• 81. Nutrition 75 Anorexia Nervosa and Bulimia Two important eating disorders seen in young females because of fear of becoming fat. The exact aetiology is not known, and most investigators favour psychiatric aetiology. The syndromes can overlap. Anorexia Nervosa Weight loss of 25% or more of original body weight in the absence of organic disease. Bulimia Recurrent episodes of binge eating with vomiting and to lose weight they use laxatives, diuretics and do vigorous exercise. Above two eating disorders are diagnosed only on clinical grounds. No specific diagnostic laboratory tests exist. Management There is no specific treatment. The benefits of psychiatric intervention are marginal. Hospitalise the anorexia nervosa patients and treat symptomatically. Ryle’s tube feeding and at times total parenteral nutrition. For bulimia, hospitalisation is not required, except for the management of complications. Advised to consume small quantum of feeds to prevent gastric and oesophageal rupture. Diagnostic Criteria and Clinical Manifestations Anorexia nervosa Bulimia Sex Female Female Age incidence Below 25 years Young females Cause of weight loss Restriction of diet Vomiting Binge eating Uncommon Common Appearance Weight loss more Fairly normal than 25% wasted Ritualised exercise Usual Rare Amenorrhoea 100% 50% CVS: (bradycardia Common Uncommon hypotension) Skin: (hirsutism Common Uncommon carotenaemia, dryness) Hypothermia Common Uncommon Oedema +/– +/– Complications Hypokalaemia Hypokalaemia Cardiac arrhythmias Cardiac arrhythmias Oesophageal/gastric rupture — Common 3. Gastric balloon—reduces the volume of stomach 4. Wiring the jaws—allows only fluid diet 5. Intestinal bypass—jejunoileal bypass induces malabsorption.
  • 82. Chapter 3 Cardiovascular System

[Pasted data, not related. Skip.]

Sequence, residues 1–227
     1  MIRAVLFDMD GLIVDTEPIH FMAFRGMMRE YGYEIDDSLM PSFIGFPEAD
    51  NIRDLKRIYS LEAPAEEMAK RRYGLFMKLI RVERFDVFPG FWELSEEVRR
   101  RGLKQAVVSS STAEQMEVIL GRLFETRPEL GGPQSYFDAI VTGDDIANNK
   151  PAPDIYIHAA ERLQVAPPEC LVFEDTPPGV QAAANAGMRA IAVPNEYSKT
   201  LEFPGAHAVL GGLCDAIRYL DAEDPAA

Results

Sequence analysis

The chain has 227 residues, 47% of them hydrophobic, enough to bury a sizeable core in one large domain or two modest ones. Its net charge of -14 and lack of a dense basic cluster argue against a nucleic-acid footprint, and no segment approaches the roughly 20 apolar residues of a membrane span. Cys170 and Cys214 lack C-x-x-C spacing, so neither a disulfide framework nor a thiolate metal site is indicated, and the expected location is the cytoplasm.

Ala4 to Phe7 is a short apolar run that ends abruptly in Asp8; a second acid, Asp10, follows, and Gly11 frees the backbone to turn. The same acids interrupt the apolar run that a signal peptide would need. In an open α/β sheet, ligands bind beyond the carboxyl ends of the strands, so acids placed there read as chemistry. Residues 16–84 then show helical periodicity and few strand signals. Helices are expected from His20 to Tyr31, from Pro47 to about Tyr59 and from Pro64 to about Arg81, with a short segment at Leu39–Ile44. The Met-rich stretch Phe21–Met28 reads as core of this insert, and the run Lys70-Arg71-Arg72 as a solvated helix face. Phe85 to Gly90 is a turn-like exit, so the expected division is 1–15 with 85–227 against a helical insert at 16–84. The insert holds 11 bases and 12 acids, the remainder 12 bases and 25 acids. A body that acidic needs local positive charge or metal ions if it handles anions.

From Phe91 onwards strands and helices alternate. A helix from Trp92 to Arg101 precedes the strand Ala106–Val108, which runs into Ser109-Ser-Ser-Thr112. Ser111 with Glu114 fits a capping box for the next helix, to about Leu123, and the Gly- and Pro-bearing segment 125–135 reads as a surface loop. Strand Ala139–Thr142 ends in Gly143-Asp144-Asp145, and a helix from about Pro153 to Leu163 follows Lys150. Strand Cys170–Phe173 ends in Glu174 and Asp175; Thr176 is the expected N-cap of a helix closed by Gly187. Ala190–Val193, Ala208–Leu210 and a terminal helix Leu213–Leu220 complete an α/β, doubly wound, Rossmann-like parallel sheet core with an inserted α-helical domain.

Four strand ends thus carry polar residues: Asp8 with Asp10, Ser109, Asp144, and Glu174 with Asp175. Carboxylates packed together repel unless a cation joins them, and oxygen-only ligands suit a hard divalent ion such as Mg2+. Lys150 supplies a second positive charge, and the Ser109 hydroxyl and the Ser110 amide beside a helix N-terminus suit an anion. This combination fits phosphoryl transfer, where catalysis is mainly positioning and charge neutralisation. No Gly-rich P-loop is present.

• 83. 78 Manual of Practical Medicine Symptoms and Signs Dyspnoea Dyspnoea is defined as an abnormally uncomfortable awareness of breathing. New York Heart Association Grading for dyspnoea, palpitation, fatigue and angina in patients with cardiovascular disease. Class I No symptoms with ordinary pysical activity. Class II Symptoms with ordinary activity, slight limitation of physical activity Class III Symptoms with less than ordinary activity. Marked limitation of activity Class IV Symptoms with any physical activity or even at rest Note: Patients with major heart disease may have no, or only minor symptoms, while patients with only minor heart disease may have major symptoms. Normal individuals also develop dyspnoea on severe exertion but the recovery time is short, whereas in patients with heart disease the recovery time is prolonged. Causes Cardiac a. Left heart failure b. Congenital heart diseases (Shunts and valvular lesions) c. Acquired valvular heart diseases d. Coronary heart disease e. Hypertensive heart disease f. Cardiomyopathies. Dyspnoea is the major symptom of left heart failure. Respiratory a. Bronchial asthma b. Chronic obstructive lung disease—Chronic bronchi- tis, emphysema c. Chronic restrictive lung disease Parenchymal Pneumoconiosis Interstitial lung disease Extra parenchymal Myasthenia gravis Guillain-Barré syndrome Ankylosing spondylitis Kyphoscoliosis Obesity d. Pneumonias e. Pulmonary neoplasm f. Pulmonary embolism g. Laryngeal or tracheal obstruction Inhalation of toxic gases and fumes. Haematological: Severe anaemia. Miscellaneous: Anxiety, hysterical hyperventilation. Orthopnoea Dyspnoea that develops in recumbent position and is relieved by sitting up or elevation of the head with pillows. Orthopnoea occurs within 1-2 minutes after assuming recumbency and recovery on sitting up is also immediate. Mechanism During the day, gravitational effects on the control of fluid balance may favour a loss of intravascular fluid into the interstitial space. When the patient is in a horizontal position, the oedema fluid may return to the vascular system, augmenting the venous return. The failing left ventricle is not able to cope with extra volume of blood delivered to it, resulting in increase in pulmonary venous and capillary pressure leading to pulmonary interstitial oedema and decreased airway compliance. This factor, along with the elevated dia- phragm in the lying posture decrease the vital capacity of the lung. The patient is unable to breathe easily, when lying down and must elevate his or her head on pillows to breathe comfortably. Causes Acute left heart failure Extreme degree of CCF. Paroxysmal Nocturnal Dyspnoea (PND) Attacks of dyspnoea which occur at night and awaken the patient from sleep. It occurs 2–5 hours after the onset of sleep and takes 10–30 minutes for recovery after assuming the upright posture. Mechanism Mechanism of PND is similar to that of orthopnoea. However, a fall in PaO2 and a decreased sympathetic support to left ventricular function during sleep also contribute to the development of PND. Causes Ischaemic heart disease